FINate

  • Magnum Stache
  • ******
  • Posts: 3150
Re: Cedar Siding vs. Hardie Board
« Reply #18 on: April 08, 2024, 09:00:16 AM »
We installed Hardie on a house some years ago. This was on a track home that came with horrible low-end siding that was failing in multiple places and had water intrusion issues. Hardie is a great product, though somewhat difficult to work with. Very durable. No issues with rattling. I did notice a drop or difference in sound insulation. Hardie combined with a complete Tyvek house wrap fixed all the ongoing water intrusion issues.

But in your case, I would not bother residing unless its experiencing systemic failure to the point that repairing is more than a reinstall. My rule of thumb for houses is to get as much life out of existing materials w/o compromising structural integrity or health and safety. So if you just have a few broken cedar boards, replace them, then re-caulk and paint. You probably don't need to repaint every 5-7 years (of course the painting companies are going to tell you otherwise). Just keep an eye on it and repaint when it starts to get powdery and/or flake.
« Last Edit: April 08, 2024, 09:03:15 AM by FINate »

sonofsven

  • Handlebar Stache
  • *****
  • Posts: 2052
Re: Cedar Siding vs. Hardie Board
« Reply #19 on: April 08, 2024, 06:11:58 PM »
Whatever happened to aluminum siding? Holds paint, can be repaired, relatively cheap, doesn't turn to microplastic powder like vinyl siding, etc. What wasn't to like?

It dents if you look at it hard.

That's ok, vinyl cracks if you look at it hard. At the least the dent is waterproof.

No material is perfect. Weigh the pros and cons.

I wouldn't use either one.

Taran Wanderer

  • Handlebar Stache
  • *****
  • Posts: 1422
Re: Cedar Siding vs. Hardie Board
« Reply #20 on: April 08, 2024, 08:23:08 PM »
12 years on Hardie.  No complaints.  Repainted once so far after 10 years, including some recaulking in a few interior and exterior corners.  No rattling in the wind.  I prefer the long planks - we must have 8Ē wide planks because thereís about 6Ē exposed.  On several gables we have the pseudo cedar shake Hardie sidingÖ the spiders LOVE it.  Itís also more difficult to paint.  I like the look but I wonít be doing it on the workshop that is being built this summer.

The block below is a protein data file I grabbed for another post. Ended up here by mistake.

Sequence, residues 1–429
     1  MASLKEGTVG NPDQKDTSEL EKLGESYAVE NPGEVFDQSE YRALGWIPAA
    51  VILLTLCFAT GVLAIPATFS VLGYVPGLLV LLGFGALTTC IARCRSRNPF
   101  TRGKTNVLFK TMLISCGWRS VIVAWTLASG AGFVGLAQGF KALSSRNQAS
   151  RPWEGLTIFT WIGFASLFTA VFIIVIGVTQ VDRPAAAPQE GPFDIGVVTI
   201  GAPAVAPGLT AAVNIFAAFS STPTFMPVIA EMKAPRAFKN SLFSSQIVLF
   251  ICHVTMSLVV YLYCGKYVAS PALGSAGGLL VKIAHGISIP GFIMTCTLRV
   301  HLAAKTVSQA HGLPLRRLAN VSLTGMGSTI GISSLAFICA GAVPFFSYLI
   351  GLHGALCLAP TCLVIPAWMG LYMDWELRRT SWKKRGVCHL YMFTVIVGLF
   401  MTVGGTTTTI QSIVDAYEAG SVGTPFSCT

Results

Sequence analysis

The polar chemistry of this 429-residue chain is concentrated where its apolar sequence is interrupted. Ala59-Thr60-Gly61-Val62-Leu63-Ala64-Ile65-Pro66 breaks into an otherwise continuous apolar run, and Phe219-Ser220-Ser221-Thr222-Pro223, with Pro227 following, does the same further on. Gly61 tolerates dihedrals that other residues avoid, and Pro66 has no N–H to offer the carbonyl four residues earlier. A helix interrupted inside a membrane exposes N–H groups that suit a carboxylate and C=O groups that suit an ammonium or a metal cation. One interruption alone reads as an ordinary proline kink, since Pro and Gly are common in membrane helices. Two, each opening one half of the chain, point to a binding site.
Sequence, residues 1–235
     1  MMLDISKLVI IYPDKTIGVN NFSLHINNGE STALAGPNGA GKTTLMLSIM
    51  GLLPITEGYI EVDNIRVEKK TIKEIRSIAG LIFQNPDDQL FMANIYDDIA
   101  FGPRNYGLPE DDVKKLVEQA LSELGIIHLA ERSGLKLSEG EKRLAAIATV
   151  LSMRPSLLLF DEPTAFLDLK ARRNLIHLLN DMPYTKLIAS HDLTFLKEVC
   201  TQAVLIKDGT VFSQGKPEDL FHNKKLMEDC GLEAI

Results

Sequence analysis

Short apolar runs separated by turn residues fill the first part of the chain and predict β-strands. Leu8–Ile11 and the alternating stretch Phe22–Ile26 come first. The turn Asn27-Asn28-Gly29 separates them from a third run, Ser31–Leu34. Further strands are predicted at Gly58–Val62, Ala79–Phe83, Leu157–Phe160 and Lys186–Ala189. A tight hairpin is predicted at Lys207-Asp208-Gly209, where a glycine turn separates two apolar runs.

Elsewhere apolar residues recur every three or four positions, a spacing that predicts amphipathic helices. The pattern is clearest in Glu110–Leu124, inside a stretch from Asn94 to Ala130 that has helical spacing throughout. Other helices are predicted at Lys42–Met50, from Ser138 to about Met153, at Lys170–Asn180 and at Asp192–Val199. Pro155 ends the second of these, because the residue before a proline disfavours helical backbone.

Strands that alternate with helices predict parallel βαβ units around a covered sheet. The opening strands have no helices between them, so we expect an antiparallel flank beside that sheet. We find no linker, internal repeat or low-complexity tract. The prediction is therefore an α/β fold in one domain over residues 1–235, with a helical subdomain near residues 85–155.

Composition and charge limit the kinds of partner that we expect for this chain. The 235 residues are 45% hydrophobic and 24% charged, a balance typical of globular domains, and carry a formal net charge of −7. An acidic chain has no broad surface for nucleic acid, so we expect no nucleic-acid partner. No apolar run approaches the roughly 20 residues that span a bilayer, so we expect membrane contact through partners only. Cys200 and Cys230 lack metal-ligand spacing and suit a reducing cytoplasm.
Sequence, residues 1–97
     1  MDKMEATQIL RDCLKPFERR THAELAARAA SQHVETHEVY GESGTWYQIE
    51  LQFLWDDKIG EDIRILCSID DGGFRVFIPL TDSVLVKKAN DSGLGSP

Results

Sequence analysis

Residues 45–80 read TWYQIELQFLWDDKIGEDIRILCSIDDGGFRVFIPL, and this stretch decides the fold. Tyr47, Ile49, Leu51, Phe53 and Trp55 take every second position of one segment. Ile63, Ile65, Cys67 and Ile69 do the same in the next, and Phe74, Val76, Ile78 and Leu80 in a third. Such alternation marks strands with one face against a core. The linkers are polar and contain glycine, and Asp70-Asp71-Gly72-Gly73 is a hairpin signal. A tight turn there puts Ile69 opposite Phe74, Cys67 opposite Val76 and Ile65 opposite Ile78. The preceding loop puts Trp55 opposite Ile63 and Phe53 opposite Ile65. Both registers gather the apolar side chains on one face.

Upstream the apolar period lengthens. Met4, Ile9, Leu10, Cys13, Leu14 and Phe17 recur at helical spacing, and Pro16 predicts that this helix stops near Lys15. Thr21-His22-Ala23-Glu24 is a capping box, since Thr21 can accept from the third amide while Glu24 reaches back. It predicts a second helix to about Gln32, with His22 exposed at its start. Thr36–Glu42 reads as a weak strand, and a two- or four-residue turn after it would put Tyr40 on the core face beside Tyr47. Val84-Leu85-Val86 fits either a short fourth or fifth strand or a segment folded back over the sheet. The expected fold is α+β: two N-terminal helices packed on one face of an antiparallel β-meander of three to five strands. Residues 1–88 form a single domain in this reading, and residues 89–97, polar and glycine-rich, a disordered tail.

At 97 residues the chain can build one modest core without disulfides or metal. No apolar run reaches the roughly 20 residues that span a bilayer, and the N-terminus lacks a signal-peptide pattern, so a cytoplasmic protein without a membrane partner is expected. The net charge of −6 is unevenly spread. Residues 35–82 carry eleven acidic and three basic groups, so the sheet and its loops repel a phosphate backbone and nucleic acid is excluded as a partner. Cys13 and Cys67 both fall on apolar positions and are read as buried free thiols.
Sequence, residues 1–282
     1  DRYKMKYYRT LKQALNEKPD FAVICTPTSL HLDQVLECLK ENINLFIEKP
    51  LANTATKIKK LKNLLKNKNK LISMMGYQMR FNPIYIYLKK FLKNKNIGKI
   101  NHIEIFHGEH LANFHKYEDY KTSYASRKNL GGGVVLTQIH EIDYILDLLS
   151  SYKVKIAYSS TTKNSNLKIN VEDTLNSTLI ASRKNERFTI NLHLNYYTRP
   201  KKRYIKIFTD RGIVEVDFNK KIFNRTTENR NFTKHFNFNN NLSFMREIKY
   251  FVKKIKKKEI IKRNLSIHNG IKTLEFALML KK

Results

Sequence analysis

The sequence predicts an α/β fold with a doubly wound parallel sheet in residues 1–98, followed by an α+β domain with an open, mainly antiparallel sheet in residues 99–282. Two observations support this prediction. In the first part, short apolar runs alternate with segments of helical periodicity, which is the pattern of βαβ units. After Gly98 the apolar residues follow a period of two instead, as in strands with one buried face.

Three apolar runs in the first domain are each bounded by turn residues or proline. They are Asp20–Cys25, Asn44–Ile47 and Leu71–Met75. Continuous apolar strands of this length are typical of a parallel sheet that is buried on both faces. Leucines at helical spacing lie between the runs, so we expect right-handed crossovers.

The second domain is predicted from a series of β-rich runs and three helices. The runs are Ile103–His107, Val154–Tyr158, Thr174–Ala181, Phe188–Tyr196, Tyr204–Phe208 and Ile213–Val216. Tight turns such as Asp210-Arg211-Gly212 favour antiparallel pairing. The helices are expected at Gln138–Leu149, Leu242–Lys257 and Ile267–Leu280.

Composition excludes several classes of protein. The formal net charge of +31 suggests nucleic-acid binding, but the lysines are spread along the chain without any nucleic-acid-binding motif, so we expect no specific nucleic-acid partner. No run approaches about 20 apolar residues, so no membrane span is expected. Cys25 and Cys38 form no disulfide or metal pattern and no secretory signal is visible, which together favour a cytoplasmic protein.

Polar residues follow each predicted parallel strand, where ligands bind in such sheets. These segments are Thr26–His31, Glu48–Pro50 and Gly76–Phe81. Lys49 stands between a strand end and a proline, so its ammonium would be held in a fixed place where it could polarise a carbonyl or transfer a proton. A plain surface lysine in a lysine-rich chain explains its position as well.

One upside of cedar is that you can stain it rather than paint it, and that can be a bit easier to apply, but other than that, for our wet, cool climate, Hardie has been fantastic.

Flyingstache

  • Stubble
  • **
  • Posts: 139
Re: Cedar Siding vs. Hardie Board
« Reply #21 on: April 10, 2024, 07:40:26 AM »
Thank you all for the wonderful responses & all the great information shared!

We have reached out to a few other installers to get quotes & information on how they would complete the project if we went with the Hardie board.

We also were recommended to a young painter (who comes highly recommended by multiple folks I trust) who is trying to grow his business. He would really like to get his name out there in our neighborhood & therefore is willing to do the job for less than normal & said he could do it for $4,500. It does seem like we would have to replace a few of the cedar boards that have cracked over the years so we need to get pricing on that.

My initial lean right now is likely to keep the cedar, replace the damaged boards, & use the young painter to reduce our costs right now since we have a few other home projects we would like to get done & we just found out my wife is pregnant with #4! So reducing any major costs has taken on a new level of importance!

Thanks so much for all your help!

nereo

  • Senior Mustachian
  • ********
  • Posts: 17583
  • Location: Just south of Canada
    • Here's how you can support science today:
Re: Cedar Siding vs. Hardie Board
« Reply #22 on: April 10, 2024, 11:07:46 AM »
Even though it wasn't directly asked, I'm going to write this in here:

Don't paint cedar siding. 

Wood expands/contracts with temperature and moisture.  Paint, even applied perfectly at the factory/mill, will peel and crack with time.  Then the *only* option you have to make it look good again is to scrape and re-paint, which costs $$$ to hire out or many many hours to do yourself.,

Instead, go with a wood stain.  If you want the look of paint you can get something close by going with an "opaque" stain (which isn't truly opaque, but lets the grain show through).  Pay the money up front to have it down by the mill - two coats on all sides - and it will look great for a decade or more and when you want a refresh it's pretty simple to re-stain (no paint scraping needed).

Hardie-board / cement siding you can actually paint because it doesn't expand/contract like wood .